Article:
U of S | Mailing List Archive | alt-photo-process-l | gum and humidity (was: Measuring humidity)

gum and humidity (was: Measuring humidity)



(This discussion seems to be ranging across several threads; I pity anyone who tries to follow it later)

On Sep 28, 2006, at 9:11 PM, Sandy King wrote:



Temperature and humidity are major issues for carbon printing. Sensitivity is much higher at 85F and 90% RH than at 70F and 35% RH. This absolutely has to be factored in when printing.

Yes, but this example confounds humidity with heat again. For gum at least, sensitivity is also higher at 60F and 90% RH than it is at 60F and 65% RH (35% is a range I never encounter, so I stayed within a range I'm familiar with so I can speak from my own observations). If the graphs are correct, and I assume they are because different graphs from different labs and for different colloids show about the same relationship, then it's clear not only from my own experience but also from printing industry literature and from Kosar that if you hold temperature constant, there's still a steep relationship between RH and sensitivity. (Temperature doesn't enter very much into my picture since the temperature here doesn't vary that much from season to season.) I agree that humidity should be factored into printing, although not many gum printers do, and there's at least one gum printer who has disagreed with me when I've suggested that humidity is a factor, and that there's no difference between printing times between high humidity conditions and low humidity conditions.

My question, which I've asked several times over the years and have never yet got an answer to, is whether the people who have reported problems with gum under high humidity conditions have taken the increased sensitivity into account and adjusted their printing accordingly. Without doing that, it's hard to say whether the problem is really some kind of spontaneous overall hardening (due to a thermal hardening process or an accelerated dark reaction) or whether it's simply overexposure that wasn't recognized and compensated for by extended development; they can be hard to tell apart.

As I've reported here a number of times, I adjust my printing times as the humidity fluctuates. I don't have a set algorithm for doing that; my goal for these tests was to try to establish an algorithm, which now seems more complicated given the information Francesc provided. Up until now, I've just done the adjustment by trial and error: do a test print and adjust the exposure by the results of that. One test print is usually sufficient to get a good exposure on the second try. But, as I reported 2 or 3 weeks ago, when the local humidity suddenly plunged to 17%, it wasn't that simple. I doubled and tripled the "normal" exposure and the gum was still just running off in development. Since the humidity reverted to normal before I found the right exposure for 17% RH, and everything went back to normal, I don't know what it would have turned out to be, but given what I'd seen so far, I'll just give a wild guess at 15 minutes.

Going this direction (high to low) you can see that the problem is obviously underexposure; the gum is just simply running off the paper as soon as it hits the water. There's no danger of mistaking it for something else; that's simply all it can be. More radiation necessary. But let's say I'd gone the other way; let's say 17% was the usual humidity here and I'd calibrated my practice to print for 15 minutes, and then suddenly the humidity had shot up to 90%. If I kept printing at 15 minutes, I would obviously grossly overexpose the gum layer, since 2 minutes is about right for 90% humidity (for the pigment mix I'm using in all these trials and a Stouffer 21-step, in my shop and for my practice and temperature range).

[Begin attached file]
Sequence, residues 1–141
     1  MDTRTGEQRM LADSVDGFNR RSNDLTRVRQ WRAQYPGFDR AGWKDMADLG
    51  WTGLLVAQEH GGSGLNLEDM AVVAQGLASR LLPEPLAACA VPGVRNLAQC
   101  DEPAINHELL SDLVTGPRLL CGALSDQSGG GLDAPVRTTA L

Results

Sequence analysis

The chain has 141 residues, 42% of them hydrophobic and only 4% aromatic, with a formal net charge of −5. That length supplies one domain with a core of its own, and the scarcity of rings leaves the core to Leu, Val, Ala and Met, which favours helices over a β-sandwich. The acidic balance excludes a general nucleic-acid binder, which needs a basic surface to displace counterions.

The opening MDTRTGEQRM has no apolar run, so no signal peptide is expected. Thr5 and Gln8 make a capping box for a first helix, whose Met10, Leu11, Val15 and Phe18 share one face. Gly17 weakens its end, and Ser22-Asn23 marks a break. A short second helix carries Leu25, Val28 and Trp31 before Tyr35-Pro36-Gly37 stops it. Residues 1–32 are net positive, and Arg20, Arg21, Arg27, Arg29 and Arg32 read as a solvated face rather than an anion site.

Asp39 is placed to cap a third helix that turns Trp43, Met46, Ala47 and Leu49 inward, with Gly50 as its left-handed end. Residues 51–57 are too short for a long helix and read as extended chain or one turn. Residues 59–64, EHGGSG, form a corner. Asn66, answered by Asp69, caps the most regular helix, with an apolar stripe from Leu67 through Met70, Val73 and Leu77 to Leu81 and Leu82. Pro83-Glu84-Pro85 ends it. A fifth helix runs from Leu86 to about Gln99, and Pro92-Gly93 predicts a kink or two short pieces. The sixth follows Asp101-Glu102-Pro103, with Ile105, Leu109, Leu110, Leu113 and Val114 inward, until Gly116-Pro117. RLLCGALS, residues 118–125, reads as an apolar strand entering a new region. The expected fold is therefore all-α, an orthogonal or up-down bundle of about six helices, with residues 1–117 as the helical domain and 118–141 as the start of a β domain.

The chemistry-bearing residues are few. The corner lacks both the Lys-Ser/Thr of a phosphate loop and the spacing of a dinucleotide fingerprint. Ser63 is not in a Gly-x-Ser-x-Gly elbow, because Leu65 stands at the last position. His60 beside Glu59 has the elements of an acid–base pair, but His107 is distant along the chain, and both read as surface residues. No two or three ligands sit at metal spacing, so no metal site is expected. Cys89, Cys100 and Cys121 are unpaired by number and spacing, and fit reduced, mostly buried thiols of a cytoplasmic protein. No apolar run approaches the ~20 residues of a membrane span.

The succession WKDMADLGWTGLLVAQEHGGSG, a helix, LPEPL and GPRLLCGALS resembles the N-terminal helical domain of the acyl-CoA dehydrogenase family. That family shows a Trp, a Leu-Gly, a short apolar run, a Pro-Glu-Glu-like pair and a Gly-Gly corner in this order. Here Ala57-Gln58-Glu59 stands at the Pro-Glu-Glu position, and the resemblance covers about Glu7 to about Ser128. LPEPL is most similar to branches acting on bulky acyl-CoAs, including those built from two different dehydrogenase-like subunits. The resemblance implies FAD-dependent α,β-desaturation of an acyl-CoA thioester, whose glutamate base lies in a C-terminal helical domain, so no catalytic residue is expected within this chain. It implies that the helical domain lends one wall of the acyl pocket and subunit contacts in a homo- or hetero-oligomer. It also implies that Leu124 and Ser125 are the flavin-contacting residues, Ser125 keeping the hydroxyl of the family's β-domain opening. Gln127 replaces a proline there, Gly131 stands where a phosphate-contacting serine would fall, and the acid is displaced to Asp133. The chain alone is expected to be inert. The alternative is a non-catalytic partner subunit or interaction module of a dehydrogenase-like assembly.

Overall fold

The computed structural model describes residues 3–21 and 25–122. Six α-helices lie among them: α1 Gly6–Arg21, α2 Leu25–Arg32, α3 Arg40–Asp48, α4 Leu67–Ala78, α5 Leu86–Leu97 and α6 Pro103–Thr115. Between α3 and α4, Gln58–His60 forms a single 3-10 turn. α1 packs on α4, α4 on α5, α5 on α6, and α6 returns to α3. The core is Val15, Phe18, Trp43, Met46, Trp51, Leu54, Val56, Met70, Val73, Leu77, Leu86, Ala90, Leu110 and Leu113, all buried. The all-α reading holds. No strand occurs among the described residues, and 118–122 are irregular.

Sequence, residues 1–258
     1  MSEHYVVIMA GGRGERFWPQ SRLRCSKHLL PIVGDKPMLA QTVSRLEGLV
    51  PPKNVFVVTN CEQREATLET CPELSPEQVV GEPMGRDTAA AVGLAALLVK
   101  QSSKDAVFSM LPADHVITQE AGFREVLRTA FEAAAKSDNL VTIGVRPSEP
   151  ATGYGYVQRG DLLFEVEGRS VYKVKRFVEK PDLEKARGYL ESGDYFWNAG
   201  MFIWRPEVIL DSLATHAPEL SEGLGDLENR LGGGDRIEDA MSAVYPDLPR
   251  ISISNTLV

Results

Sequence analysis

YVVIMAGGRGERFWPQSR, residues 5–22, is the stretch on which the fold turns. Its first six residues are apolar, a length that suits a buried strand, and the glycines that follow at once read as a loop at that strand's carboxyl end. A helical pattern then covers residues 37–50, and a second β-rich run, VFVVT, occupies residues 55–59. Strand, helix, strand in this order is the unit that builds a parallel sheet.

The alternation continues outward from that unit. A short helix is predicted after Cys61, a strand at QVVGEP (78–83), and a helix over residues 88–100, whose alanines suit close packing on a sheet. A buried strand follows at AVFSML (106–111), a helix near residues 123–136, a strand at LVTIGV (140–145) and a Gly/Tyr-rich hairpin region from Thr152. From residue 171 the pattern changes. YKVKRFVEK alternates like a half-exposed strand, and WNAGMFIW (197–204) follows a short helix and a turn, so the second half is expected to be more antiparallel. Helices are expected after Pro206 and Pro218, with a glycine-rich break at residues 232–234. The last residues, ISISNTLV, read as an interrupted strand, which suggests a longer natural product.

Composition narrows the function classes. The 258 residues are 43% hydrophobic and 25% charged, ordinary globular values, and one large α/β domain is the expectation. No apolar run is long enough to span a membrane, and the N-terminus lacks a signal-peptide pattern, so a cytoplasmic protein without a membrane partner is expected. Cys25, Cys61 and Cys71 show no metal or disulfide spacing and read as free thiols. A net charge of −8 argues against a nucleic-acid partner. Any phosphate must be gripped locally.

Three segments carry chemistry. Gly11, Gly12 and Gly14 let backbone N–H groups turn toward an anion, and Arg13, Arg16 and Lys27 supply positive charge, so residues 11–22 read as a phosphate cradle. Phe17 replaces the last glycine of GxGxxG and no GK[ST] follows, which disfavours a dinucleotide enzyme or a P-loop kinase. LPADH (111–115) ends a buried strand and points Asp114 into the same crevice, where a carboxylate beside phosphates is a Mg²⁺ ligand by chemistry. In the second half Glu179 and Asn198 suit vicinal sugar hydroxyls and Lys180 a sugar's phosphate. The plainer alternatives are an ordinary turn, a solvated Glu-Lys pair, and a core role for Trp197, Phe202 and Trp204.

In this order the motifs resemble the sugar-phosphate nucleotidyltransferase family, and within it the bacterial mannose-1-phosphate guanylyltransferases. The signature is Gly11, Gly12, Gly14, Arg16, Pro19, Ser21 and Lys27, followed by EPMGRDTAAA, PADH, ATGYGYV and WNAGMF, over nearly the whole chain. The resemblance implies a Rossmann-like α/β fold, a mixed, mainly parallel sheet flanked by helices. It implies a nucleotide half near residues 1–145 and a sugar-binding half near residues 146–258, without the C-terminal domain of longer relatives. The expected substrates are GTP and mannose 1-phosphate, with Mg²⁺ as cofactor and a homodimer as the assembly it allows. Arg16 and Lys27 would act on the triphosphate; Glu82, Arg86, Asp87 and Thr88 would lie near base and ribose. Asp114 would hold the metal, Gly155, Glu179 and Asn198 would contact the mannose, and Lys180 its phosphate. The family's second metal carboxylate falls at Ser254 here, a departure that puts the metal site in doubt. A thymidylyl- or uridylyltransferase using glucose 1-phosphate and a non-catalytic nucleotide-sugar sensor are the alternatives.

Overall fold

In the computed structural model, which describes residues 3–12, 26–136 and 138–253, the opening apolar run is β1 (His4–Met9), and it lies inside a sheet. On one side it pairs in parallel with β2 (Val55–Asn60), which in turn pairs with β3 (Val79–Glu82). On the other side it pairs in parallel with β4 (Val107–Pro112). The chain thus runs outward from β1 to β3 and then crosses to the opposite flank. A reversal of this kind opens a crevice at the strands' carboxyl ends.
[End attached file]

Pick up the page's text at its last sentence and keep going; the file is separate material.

In these trials, I printed at several set times at each humidity level and found that a 2-minute exposure worked well for over 90%, RH, with a development time of around 45 minutes. When I exposed for 3 minutes at over 90%, even a 2-hour development hadn't begun to open up the tonal scale. I drew the line at 2 hours and took the prints out; those prints have very little contrast (they are mostly DMax with perhaps one or two other tones). But I didn't assume that these prints were "low contrast" for some mysterious reason or that there was some sort of spontaneous hardening going on or that gum printing doesn't work at 90% humidity; I simply assumed they were overexposed and underdeveloped. On the other hand, 3 minutes exposure was perfect for humidity in the 70% range, opening up the tonal scale completely with a 30-minute development.

And just to tie things together, I'll repeat what I reported in another thread, that so far in these trials I've found that the optimal exposure at each humidity range produced 7 tonal steps and a visually similar DMin and DMax, for this particular coating mix, so I don't agree that greater RH necessarily makes for lesser contrast.

However, if you use water content rather than RH as a measure, then things might look quite different, but no one's done that, and I'm not going to be able to do it here because I don't very often have heat and humidity in combination with each other, so I wouldn't be able to get into the higher ranges of water content. But someone should do that experiment.

I'm also not discounting the possibility that with high heat and humidity in combination, there's some spontaneous hardening process going on. All I'm saying is that so far no one has told me that they've actually tried adjusting the exposure to the increased sensitivity of the higher humidity, and so as far as I'm concerned we still have to consider the possibility that it's simply a matter of overexposure.
Katharine